Nutritional Values Of Phosphorus
Phosphorus, an essential mineral, is naturally present in many foods and available as a dietary supplement. Phosphorus is a component of bones, teeth, DNA, and RNA. In the form of phospholipids, phosphorus is also a component of cell membrane structure and of the body’s key energy source, ATP. Many proteins and sugars in the body are phosphorylated.
|Birth to 6 months||100 mg||100 mg|
|1–3 years||460 mg||460 mg|
|7–12 months||275 mg||275 mg|
|4–8 years||500 mg||500 mg|
|9–13 years||1,250 mg||1,250 mg|
|14–18 years||1,250 mg||1,250 mg||1,250 mg||1,250 mg|
|19+ years||700 mg||700 mg||700 mg||700 mg|
Food rich in phosphorus
In a single serving of cheese, you can take in more than 30% of your requirement for the day.
A five-ounce salmon filet will deliver about 400 mg of this key nutrient to your daily diet.
Three ounces of shellfish can contain between 30-50% of your phosphorus needs.
Eating 100 grams of these seeds pushes your phosphorus intake beyond 120% for the day
Snaking on one cup of these nuts will bring you an entire day’s worth of phosphorus intake.
1 cup of most bean varieties have between 200 and 220 mg of phosphorus, more than 33% of your daily requirement.
One cup of lentils will provide just over 35% of your phosphorus for the day.
A three-ounce serving of tofu will provide roughly one-quarter of the phosphorus you need.
A single large egg contains 100 mg of phosphorus.
100 grams of these seeds provides about 200% of this mineral.
One cup of pumpkin seeds contains more than 150% of your daily intake requirement for phosphorus.
Benefits of phosphorus
Phosphorus offers numerous health benefits because it affects many different systems in the body. Some of the benefits of phosphorus include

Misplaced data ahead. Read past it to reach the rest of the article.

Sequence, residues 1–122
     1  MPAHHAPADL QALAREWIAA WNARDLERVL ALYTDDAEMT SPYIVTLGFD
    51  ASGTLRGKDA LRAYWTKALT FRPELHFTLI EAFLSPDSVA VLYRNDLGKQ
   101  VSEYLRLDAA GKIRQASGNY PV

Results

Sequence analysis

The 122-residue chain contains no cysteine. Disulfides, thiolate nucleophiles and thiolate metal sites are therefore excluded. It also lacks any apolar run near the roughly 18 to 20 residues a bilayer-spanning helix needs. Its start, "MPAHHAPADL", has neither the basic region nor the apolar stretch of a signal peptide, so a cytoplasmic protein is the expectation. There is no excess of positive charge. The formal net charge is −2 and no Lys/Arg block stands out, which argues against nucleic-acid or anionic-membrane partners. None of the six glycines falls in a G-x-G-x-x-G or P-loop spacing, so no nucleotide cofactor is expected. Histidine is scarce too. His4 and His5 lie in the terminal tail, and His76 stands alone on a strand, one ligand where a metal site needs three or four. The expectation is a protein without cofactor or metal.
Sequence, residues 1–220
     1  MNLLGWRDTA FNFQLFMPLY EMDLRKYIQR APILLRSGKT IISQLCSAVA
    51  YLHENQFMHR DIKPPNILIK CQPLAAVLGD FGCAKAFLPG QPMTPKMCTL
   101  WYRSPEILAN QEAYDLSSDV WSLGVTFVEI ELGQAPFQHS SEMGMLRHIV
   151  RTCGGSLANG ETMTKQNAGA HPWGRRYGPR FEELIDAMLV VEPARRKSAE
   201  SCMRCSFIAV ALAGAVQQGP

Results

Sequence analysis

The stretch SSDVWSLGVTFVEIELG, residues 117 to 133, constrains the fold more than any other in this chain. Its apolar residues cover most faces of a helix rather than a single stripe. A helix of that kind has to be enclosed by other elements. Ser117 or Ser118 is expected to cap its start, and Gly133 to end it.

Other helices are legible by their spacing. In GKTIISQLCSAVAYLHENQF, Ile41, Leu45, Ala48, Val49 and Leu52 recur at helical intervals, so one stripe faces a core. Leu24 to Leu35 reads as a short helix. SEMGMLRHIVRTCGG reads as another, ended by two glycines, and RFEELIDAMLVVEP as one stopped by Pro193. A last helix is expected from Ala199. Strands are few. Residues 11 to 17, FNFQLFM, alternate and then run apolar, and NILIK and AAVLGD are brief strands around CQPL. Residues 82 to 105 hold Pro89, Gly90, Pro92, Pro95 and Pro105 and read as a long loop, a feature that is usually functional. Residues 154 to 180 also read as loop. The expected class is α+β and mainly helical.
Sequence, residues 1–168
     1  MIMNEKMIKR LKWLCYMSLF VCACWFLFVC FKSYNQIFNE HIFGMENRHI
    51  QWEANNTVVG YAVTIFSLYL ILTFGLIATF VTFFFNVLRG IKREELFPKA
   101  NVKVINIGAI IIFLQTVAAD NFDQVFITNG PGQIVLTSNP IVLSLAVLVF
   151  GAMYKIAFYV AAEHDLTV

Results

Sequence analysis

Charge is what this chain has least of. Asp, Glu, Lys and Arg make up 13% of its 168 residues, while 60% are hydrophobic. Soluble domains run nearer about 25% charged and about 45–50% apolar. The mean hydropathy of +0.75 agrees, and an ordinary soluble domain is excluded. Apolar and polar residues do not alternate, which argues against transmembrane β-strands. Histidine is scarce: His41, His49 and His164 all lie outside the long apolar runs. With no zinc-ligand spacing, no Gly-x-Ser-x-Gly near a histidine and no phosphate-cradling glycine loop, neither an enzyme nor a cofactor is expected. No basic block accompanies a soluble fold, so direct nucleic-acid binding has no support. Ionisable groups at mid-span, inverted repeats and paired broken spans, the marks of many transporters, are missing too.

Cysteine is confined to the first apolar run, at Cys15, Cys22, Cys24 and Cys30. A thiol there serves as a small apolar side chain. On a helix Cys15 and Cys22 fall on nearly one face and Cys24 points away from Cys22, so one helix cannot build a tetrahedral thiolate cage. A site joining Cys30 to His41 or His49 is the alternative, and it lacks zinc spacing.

Keeping the bones and teeth strong
Helping the muscles contract
Aiding muscle recovery after exercise
Filtering and removing waste from the kidneys
Promoting healthy nerve conduction throughout the body
Making DNA and RNA
Managing the body’s energy usage and storage
Symptoms of phosphorus deficiency
Phosphorus deficiency (hypophosphatemia) is rare in the United States and is almost never the result of low dietary intakes.
The effects of hypophosphatemia can include anorexia, anemia, proximal muscle weakness, skeletal effects (bone pain, rickets, and osteomalacia), increased infection risk, paresthesias, ataxia, and confusion.
In most cases, hypophosphatemia is caused by medical conditions, such as hyperparathyroidism, kidney tubule defects, and diabetic ketoacidosis.
Excessive intake of phosphorus
Excess consumption of phosphorus can lead to the following
Calcifications in the vascular and renal systems
Injuries to tubes within the kidneys
Abnormal protein in the urine, which can indicate kidney damage